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What provider traits add up to strong patient loyalty?

An Accenture survey showed that patient trust, healthcare access, and ease of doing business are key to patient loyalty.

A new report from Accenture is detailing the outsized role patient trust plays in building patient loyalty, showing that patients are six times more likely to stay with their providers if they trust them.

The report, which is based on survey results for over 8,000 adult patients in the US, also showed patient loyalty’s connection to care access and ease of doing business.

Patient loyalty is akin to customer loyalty, which is defined by TechTarget as “a commitment between a customer and a brand that causes the customer to make repeat purchases.”

As healthcare increasingly embraces trends of consumerism, customer loyalty turns into patient loyalty. Organizations operating on thin margins and looking to build market share are particularly keen on patient loyalty, or the idea that the patient will return to that site for care.

Patient loyalty isn’t necessarily a given as consumers continue to navigate the plethora of care access options at their disposal.

According to Accenture, 89 percent of patients who left a provider did so because of limited ease of navigation. This means the provider was hard to do business with, the patient had a bad experience with administrative staff, or the digital engagement services did not meet patient needs.

This is double the amount of patients who said they left their providers because of a bad clinical experience or because they found a provider they like better. To that end, investment in patient engagement solutions and administrative staff, rather than clinical expertise, will be key to retaining patient loyalty.

Far fewer patients said they switched providers because of access or limited appointment availability (13 percent) or because of value (10 percent).

But if poor healthcare navigation and unintuitive business operations prompt patients to leave a practice, what makes them stay?

According to Accenture, patient trust plays a key role.

Notably, half of patients said they picked a new provider because they considered the provider a trusted source of care. This means the provider was recommended to the patient by a trusted family member or friend, that the provider was proactive and engaging, or that the provider seemed trustworthy in their promotions and advertisements.

In fact, that trust piece proved paramount to patient loyalty, the survey added. Patients who said they trusted their providers were six times more likely to stay with their providers. Respondents said they trusted their providers when they felt listened to and heard, received clear diagnosis and treatment instructions, and noticed their care teams worked well together.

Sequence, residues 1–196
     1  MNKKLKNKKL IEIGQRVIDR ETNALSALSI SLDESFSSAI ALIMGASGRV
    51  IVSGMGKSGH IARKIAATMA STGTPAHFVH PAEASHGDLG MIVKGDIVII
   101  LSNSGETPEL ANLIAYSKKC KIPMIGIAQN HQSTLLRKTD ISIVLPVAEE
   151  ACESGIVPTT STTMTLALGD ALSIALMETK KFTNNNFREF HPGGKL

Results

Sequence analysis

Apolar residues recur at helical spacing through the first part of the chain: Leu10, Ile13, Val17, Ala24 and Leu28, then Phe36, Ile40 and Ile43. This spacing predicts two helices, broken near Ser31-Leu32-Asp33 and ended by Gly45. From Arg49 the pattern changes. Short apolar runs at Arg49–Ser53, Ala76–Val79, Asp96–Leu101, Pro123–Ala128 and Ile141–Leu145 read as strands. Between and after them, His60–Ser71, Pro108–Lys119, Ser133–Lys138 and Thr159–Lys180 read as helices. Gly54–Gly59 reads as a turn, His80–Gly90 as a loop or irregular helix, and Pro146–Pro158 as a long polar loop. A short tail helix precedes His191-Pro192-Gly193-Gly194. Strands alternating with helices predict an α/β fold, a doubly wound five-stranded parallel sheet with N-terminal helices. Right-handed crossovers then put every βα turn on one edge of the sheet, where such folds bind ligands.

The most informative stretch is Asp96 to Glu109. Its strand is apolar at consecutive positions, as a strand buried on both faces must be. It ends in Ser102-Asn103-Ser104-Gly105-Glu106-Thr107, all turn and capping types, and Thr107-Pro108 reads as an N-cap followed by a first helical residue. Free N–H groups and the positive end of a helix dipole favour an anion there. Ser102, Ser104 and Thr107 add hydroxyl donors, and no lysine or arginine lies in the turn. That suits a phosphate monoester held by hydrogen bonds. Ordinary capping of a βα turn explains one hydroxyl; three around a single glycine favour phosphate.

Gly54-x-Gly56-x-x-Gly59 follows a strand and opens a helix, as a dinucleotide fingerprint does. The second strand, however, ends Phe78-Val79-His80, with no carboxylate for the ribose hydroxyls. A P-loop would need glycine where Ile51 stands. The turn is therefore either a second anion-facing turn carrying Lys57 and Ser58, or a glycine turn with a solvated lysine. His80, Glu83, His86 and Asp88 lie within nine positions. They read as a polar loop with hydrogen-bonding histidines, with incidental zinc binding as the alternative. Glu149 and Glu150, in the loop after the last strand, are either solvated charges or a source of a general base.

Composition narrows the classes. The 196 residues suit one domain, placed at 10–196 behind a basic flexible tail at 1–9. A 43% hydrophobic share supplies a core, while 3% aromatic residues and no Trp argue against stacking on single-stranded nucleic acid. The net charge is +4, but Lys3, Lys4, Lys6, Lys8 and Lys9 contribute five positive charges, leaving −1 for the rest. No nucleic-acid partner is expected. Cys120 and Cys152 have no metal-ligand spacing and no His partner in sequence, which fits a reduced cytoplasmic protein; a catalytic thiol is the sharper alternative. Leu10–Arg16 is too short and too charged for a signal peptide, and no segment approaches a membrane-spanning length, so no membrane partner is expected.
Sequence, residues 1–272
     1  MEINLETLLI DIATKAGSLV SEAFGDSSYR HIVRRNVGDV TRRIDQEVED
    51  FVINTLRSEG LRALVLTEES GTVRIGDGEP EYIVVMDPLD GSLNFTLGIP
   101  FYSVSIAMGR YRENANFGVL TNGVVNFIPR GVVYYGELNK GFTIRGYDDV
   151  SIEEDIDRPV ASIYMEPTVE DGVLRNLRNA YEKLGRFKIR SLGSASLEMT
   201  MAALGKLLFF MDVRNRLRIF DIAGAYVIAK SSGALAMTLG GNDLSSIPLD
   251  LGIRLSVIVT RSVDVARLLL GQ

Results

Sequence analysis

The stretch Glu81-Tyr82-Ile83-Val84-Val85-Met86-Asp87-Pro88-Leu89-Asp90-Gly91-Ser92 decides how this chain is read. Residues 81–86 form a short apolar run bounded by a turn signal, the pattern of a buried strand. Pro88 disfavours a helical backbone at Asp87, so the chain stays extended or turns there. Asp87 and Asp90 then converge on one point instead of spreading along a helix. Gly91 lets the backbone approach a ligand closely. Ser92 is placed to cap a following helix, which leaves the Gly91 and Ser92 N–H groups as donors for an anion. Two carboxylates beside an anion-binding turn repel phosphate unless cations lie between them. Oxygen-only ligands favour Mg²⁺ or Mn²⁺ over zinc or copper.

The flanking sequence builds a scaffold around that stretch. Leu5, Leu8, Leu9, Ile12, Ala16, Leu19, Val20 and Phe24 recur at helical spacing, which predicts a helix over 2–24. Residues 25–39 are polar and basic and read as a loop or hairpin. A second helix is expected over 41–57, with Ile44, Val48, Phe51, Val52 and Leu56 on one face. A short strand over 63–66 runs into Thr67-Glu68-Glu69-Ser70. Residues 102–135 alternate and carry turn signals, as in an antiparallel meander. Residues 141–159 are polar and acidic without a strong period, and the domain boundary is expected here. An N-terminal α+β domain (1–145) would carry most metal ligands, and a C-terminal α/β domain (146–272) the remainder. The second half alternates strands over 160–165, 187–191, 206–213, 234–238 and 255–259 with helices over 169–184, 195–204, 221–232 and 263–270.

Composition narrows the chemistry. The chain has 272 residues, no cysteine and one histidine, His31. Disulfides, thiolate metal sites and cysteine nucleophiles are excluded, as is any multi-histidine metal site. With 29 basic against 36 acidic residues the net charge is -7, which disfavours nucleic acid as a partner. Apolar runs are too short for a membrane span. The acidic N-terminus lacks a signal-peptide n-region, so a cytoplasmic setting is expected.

The Accenture report also outlined how patient trust and positive patient experiences are connected.

For example, patients satisfied with the services they received are 4.6 times more likely to also say they trusted their providers. Patients who were satisfied with finding a provider were four times more likely to report trust, while those who were satisfied with diagnostic testing and treatment decisions were 3.8 and 3.7 times more likely to say they trusted their providers, respectively.

Trust isn’t the only thing driving patient care access decision-making.

Although only 13 percent of respondents said they left a provider due to access issues, 70 percent said it’s why they picked their new doctor. Factors adding up to good patient access included convenience in terms of appointment times and location, ample appointment availability, digital health access, telehealth offerings, and good customer service.

A third of patients said insurance coverage and cost of care influenced their decision to visit a certain provider, while a quarter said the provider’s online reputation and brand were determinants.

In addition to ease of access and patient trust, having a suite of digital patient engagement services was also key to driving patient loyalty. This is largely because highly digital patients—those who have adopted digital tools across all parts of their lives—are more likely to stay with their providers. They are also more likely to report trust and that their providers are easy to do business with.

“These findings underscore how essential it is to get health experiences right on consumers’ terms,” Accenture experts wrote in a blog post outlining the findings. “The health organizations that achieve consumer loyalty are those who take an empathetic lens to improve access, experience and outcomes by providing a personalized health journey built on trust.”

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